This has put Huawei, and some US companies, in a bit of a pickle. Despite being as vertically integrated as possible, Huawei relies on several high-profile US companies and US operations in order to produce its products. By being unable to even communicate with Google on official terms places Huawei on the sidelines – open source only, with no way to licence Google services. With no way to work with companies like Microsoft on bug fixes or OS optimization, Huawei’s products could potentially stagnate, and US companies lose out on not only revenue but a strong technically minded powerhouse that has the ability to help improve both sides of the equation. To that end, Huawei has put its resources into overdrive: where it has been reliant on US companies in the past, Huawei is moving to become self-reliant, ultimately removing its connections from the US technology industry, probably to the detriment of the US.

As a result, Huawei has been proactive in announcing initiatives such as HarmonyOS (Hongmeng OS), a unified microkernel platform to cover everything from microcontrollers to televisions. Huawei is putting $1B into its own version of the Play Store, known as the App Gallery, to encourage developers to port their apps under Huawei’s APIs and SDKs. The sweetener there is that where Apple and Google take a 30% cut of all sales, Huawei will only take a 15% cut. Huawei is also expanding its AI efforts to more products, as well as the cloud.

Unfortunately, HarmonyOS is ultimately not ready for prime-time in smartphones. Huawei’s representatives have been cagey about whether it is suitable for such devices, but in reality it just isn’t ready for that sort of scale. As a result, for its smartphones, Huawei is turning to the open-source version of Google Android, known as AOSP (Android Open Source Project). At this level, Huawei does not need to interact with Google, but it does not get access to certain Google Services, like the Play Store, because it can’t license them due to the US issue.

Roll forward to September 19th, and Huawei announces its first major product that is feeling the impact of this ban: the Mate 30 and Mate 30 Pro smartphones. The worldwide launch for the devices occurred in Germany, where the company has launched the Mate series for the last few years. Huawei CEO of the Consumer Business Group, Richard Yu, spoke for 88 minutes about the new hardware and the innovative user experience that the devices offer, and then two minutes about not having Google apps as well as the Huawei app ecosystem.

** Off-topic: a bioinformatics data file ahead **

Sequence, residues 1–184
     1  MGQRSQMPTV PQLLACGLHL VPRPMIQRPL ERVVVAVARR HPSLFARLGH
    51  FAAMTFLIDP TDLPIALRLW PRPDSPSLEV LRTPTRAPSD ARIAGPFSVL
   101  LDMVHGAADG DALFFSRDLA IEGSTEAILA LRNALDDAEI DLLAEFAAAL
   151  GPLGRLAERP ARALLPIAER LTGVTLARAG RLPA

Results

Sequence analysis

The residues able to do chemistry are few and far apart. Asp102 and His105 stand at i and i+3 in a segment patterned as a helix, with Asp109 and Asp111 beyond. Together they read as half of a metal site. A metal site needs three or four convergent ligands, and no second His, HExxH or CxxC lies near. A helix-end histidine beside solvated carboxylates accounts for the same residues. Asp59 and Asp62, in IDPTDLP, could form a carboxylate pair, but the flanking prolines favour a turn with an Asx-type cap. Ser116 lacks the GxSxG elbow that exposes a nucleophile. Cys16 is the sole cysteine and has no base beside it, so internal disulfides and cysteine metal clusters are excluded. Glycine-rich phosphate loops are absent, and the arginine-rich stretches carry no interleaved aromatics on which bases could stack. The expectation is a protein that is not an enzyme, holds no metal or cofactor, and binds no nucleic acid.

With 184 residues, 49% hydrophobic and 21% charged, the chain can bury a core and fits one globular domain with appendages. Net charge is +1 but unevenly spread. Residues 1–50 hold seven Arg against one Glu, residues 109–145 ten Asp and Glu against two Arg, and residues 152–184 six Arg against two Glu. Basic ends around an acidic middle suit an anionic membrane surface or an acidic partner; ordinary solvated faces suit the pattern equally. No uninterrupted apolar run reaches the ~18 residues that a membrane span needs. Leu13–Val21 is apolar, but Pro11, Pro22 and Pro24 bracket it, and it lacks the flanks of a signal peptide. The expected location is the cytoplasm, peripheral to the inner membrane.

The key element here is the use of GMS, or Google Mobile Services. The GMS library forms a key part of certain Android apps, such as Maps, Docs, Gmail, Search, YouTube, Play Store, Drive, and Photos. Huawei no-longer has access to GMS, and so instead suggests to users that most of these features can be accessed through the web. By contrast, Huawei has its own mobile services, or HMS, and it is this library that the company is encouraging software developers to use, by dangling a high user install base, a higher percentage return, and Huawei’s investment.

It was on these topics and more to which Huawei’s CEO, Richard Yu, was grilled on by the press for around 45 minutes after the Mate 30 and Mate 30 Pro presentations. We were one of about two dozen press sat in a side room after the main event. This was, we were told, Richard Yu’s only press session as part of the launch.

As always with our interview transcriptions, the transcription has been tidied for readability and some questions may be rearranged to assist with topic consistency. Where possible, we have noted the journalist and publication that asked the question.

 

Q: Can you explain clearly which operating system will work on?

A: This is Android 10. We use the Android Open Source Platform - consumer can download the apps they need from many app stores.

Q: Why Wasn’t HarmonyOS used?